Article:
Monday, February 4, 2008

Cornell Community gets glimpse of U’khandi life

This article by Dr. Sushma Naithani was published by Garwal post, on 16 sept 2007

The three legends of Uttarakhand, historian Shekhar Pathak, Poet Girish Tiwari “Girda” and the most famous folk-singer of all time, Narendra Singh Negi, visited upstate New York and presented the story of Uttarakhand Himalayas to the Cornell community on their recent visit to the US. This event was organized by Dr Sushma Naithani and hosted by Cornell University South Asia Program under the special summer seminar series. The open mindedness, and efforts of William Phelan from South Asia Program and advertising by ASHA Cornell, made this event possible at very short notice.This one and half hour presentation was a summary of the Askot-Arakot study tour conducted in 2004 by PAHAR (People's Association for Himalaya Area Research), an NGO founded by Shekhar Pathak.The Askot-Arakot expedition was first attempted in 1974 and then repeated each decade to understand environmental and social changes in rural Uttarakhand, as well as to document oral history/folklores of the region.

The lecture began with picturesque slides accompanied by an Uttarakhandi song by “Girda” describing the geography and spirituality associated with the region and his deep-rooted desire for development of Uttarakhand.Shekhar Pathak brilliantly captured all aspects of this beautiful Himalayan region and the people who inhabit it. He discussed continued exploitation of natural resources of this region since the colonial era and their impact on Himalayan environment and consequences for global environment. He also pointed out the lack of vision and interest in the political establishment to direct technological innovations and adaptations for the support of the way of life in the hills. The underdevelopment, poor resource management, lack of opportunities and civil amenities have led to an exodus of its people, specially the men folk to the plains of India. The women, children and elders left behind struggle and cope everyday, in the rough terrain of the Himalayas with primitive means in the 21st century.

This story of Uttarakhand depicts a common destiny of people living in similar geography in the Indian subcontinents and probably elsewhere.This three fold disaster; 1) Fragility of Himalayas due to exploitation of natural resources,2) Underdevelopment, lack of technology, opportunities, amenities, in hills, and 3)Migration of hill population are interrelated issues and demand alternatives. The lecture suggested need for sustainable development of the region by integrating judicious utilisation of natural resources, creation of opportunities for local populations by adapting modern technology, tools and innovative agricultural practices and building infrastructure. He also recognised the contribution of various individuals and groups working for betterment of the region and the socio-political struggle of the people which led to the formation of Uttarakhand as a new state in India. The existence of the Himalayas, one of the greatest heritages of mankind, very much depends on the survival and well being of its inhabitants who love this land, protect it from the greed of capitalist interests and have had long discourse with it. The lecture was ended with a song of hope by Narendra Singh Negi, later joined by Girda and Shekhar Pathak asking for intervention by civil society in policy making and implementation for building a better Uttarakhand.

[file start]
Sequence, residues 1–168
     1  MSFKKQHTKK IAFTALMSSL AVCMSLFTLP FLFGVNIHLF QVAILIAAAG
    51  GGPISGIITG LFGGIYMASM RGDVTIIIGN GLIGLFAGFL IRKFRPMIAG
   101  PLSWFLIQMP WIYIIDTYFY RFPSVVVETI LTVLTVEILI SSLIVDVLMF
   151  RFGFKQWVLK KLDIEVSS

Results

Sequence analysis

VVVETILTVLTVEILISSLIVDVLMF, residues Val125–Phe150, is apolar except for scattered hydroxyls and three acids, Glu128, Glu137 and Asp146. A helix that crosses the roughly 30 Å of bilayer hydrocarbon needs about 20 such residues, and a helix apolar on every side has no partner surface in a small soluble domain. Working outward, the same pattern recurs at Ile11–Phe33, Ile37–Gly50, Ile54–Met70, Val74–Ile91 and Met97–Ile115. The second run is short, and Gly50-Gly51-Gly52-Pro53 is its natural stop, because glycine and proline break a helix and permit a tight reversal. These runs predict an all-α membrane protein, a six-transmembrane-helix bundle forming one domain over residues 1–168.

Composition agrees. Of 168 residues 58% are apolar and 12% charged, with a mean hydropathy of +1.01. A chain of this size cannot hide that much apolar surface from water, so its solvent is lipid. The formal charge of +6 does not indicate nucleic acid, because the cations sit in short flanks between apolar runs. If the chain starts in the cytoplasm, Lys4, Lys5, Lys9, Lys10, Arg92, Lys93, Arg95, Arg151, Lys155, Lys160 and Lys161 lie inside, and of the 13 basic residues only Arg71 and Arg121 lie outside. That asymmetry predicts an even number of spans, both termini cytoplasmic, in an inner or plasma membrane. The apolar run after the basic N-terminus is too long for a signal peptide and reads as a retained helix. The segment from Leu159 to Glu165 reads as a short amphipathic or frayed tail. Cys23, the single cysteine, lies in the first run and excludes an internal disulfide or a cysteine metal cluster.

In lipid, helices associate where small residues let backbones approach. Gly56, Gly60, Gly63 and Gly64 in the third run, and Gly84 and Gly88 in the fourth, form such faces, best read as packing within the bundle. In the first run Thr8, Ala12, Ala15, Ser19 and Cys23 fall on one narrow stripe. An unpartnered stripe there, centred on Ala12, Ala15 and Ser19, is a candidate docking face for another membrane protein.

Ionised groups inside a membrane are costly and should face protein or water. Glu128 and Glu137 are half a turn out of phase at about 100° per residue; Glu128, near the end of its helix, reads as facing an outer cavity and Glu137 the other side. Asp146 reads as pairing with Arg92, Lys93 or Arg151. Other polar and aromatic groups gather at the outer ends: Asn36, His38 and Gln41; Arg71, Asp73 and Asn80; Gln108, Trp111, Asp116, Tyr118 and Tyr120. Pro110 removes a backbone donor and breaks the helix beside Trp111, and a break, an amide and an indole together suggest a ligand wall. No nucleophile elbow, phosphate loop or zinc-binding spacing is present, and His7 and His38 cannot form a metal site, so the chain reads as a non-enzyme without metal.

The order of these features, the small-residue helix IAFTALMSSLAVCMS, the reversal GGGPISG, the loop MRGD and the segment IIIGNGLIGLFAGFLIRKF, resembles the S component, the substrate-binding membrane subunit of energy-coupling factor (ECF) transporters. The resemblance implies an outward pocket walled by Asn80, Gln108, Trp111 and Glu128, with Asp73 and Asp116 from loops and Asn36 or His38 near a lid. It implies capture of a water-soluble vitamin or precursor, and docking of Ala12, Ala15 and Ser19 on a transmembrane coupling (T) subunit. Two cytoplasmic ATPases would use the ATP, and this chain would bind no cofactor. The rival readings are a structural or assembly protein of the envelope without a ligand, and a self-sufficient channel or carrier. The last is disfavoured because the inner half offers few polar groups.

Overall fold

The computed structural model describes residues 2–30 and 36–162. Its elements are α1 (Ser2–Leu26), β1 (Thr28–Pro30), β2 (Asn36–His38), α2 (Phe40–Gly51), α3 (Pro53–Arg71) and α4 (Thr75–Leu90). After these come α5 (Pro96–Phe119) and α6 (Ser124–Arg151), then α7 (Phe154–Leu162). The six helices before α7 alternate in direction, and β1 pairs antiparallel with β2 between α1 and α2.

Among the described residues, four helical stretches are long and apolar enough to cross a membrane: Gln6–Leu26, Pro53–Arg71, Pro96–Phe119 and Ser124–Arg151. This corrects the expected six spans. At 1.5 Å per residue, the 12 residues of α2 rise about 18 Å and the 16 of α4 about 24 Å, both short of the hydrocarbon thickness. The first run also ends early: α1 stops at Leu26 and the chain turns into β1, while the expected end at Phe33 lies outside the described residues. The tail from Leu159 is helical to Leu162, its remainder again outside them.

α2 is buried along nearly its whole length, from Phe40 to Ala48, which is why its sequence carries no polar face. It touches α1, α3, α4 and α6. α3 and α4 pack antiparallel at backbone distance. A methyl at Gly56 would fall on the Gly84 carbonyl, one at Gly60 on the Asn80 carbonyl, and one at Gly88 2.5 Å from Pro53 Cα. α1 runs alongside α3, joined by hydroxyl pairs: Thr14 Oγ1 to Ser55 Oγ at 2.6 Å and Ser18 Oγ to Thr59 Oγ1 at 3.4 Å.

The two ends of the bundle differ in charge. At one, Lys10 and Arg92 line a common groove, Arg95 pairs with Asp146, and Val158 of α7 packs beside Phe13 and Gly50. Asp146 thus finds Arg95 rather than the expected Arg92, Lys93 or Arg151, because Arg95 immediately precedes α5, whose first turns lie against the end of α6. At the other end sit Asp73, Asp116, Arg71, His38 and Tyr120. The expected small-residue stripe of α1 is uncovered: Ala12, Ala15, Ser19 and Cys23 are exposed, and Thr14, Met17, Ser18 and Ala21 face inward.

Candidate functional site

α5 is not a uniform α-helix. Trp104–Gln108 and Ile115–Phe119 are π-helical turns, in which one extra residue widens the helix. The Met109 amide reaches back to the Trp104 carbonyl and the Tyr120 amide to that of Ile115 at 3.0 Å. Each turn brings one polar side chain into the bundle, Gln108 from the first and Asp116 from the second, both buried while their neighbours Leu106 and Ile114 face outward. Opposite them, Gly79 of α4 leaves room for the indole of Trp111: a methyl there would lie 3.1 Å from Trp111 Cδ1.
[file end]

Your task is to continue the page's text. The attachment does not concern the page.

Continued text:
It was not possible to categorise this lecture under a narrow discipline and likewise audiences were from fields as diverse as physics, bioinformatics, biotechnology, plant biology, anthropology, history, English, etc., and came from various parts of the globe. The lecture was followed by an informal potluck dinner and gave an opportunity to friends coming from distinct disciplines and geographical regions to share their views. Among these was John Leavitt, a professor from Université de Montréal, who came all the way from Canada to meet his old friend Shekhar Pathak.John remembered his days in Mukteswar and Nainital with fondness. Dr. Pankaj Jaiswal, curator of Gramene database, Dr Sanjay Gami, a soil scientist from Nepal, Basit a physicist and his wife Kiran from Pakistan, Dr JK Ladda, a soil scientist from IRRI, Usha Ladda and Dr Ajay Garg were among the guests. Apart from adults, children including Rohan, Aroonim, Awaish, and Sharun also enjoyed the evening.The trio also visited Niagara falls and was overwhelmed to see the gorgeous Ithaca and Cornell campus.

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